Bloody but Never Broken, Sarah Butler Relives the Infamous Day of the Woman with 'I Spit on Your Grave'
The first time Sarah Butler read the script for I Spit on Your Grave, Steven R. Monroe’s tense, unrelenting remake of the notorious 1980 rape-and-revenge thriller Roger Ebert deemed “a vile bag of garbage, reprehensible and contemptible,” she made an urgent call to her manager.
“I’d auditioned for it, but when I saw the script I decided to skip the callback,” says Butler, 25, best known for one-off appearances on CSI: Miami and CSI: New York. “All the nudity, violence, graphic rape scenes – normally, my manager is very protective of me, but he asked me to read it again, so I did. He said it could be the role of a lifetime, and I tried to look at it from that perspective.”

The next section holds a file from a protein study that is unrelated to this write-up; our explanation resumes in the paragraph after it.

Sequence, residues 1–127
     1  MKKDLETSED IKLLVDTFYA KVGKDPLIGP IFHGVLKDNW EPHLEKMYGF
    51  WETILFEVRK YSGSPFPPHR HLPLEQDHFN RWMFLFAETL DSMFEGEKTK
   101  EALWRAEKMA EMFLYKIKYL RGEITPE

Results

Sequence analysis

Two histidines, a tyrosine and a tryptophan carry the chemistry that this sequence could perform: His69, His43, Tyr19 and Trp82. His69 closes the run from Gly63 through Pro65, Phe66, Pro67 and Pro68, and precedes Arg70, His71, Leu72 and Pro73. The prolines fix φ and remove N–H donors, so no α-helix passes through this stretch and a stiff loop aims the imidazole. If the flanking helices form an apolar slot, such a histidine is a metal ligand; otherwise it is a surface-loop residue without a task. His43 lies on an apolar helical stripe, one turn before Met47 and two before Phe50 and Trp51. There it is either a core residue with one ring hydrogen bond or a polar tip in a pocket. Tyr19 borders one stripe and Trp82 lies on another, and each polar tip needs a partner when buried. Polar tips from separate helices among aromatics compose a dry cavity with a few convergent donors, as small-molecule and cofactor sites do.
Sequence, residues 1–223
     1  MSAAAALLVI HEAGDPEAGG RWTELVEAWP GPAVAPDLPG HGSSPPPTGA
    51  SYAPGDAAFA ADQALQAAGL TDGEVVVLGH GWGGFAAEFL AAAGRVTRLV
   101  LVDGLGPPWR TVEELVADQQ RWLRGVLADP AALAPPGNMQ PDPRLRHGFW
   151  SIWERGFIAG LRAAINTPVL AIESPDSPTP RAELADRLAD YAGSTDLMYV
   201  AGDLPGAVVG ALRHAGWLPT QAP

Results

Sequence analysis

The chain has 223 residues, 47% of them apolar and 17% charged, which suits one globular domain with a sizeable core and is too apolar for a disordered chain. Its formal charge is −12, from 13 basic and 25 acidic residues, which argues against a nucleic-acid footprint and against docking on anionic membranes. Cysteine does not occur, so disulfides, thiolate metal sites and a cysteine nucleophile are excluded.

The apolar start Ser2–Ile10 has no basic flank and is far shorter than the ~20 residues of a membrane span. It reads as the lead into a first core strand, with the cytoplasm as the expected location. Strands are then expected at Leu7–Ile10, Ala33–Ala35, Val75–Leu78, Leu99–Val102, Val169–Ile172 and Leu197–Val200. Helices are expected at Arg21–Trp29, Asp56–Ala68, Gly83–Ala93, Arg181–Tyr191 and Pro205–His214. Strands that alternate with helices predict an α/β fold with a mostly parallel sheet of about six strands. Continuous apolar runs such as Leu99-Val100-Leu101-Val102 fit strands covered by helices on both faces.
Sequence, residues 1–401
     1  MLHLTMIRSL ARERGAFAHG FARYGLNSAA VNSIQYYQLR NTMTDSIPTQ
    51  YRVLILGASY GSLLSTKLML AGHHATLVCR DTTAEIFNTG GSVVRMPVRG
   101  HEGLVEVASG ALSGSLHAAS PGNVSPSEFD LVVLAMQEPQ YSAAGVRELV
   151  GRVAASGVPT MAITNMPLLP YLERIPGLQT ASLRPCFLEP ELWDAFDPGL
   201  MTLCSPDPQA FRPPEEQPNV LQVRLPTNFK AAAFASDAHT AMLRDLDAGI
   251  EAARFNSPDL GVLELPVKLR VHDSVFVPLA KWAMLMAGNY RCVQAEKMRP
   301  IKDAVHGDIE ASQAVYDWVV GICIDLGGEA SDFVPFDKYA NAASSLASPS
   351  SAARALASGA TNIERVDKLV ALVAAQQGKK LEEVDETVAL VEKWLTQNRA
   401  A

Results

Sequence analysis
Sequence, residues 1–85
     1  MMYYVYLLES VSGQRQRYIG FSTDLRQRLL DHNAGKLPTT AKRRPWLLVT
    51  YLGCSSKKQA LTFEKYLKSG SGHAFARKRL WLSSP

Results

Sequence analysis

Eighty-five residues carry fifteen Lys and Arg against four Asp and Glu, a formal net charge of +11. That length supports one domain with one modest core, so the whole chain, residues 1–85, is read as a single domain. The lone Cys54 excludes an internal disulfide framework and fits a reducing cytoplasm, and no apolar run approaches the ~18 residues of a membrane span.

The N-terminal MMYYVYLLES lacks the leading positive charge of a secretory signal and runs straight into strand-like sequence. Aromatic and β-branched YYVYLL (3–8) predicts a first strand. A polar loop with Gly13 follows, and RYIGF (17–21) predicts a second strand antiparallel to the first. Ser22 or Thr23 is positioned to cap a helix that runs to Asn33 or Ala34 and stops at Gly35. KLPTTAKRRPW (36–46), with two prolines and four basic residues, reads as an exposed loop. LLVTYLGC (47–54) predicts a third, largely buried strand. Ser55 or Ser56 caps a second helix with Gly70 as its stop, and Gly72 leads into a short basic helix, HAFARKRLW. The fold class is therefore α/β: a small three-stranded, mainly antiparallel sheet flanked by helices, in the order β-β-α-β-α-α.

The San Francisco Silent Film Festival will host its fifth annual Winter Event at the Castro Theatre this Saturday, with special guests including film preservationist Robert Byrne, New York Times bestselling author Mark Vaz and Melissa Cox, granddaughter of Buster Keaton, scheduled to appear. Those eager to revisit the movies that first introduced the world to cinema as a serious art form can choose from the following titles:
Chang: A Drama of the Wilderness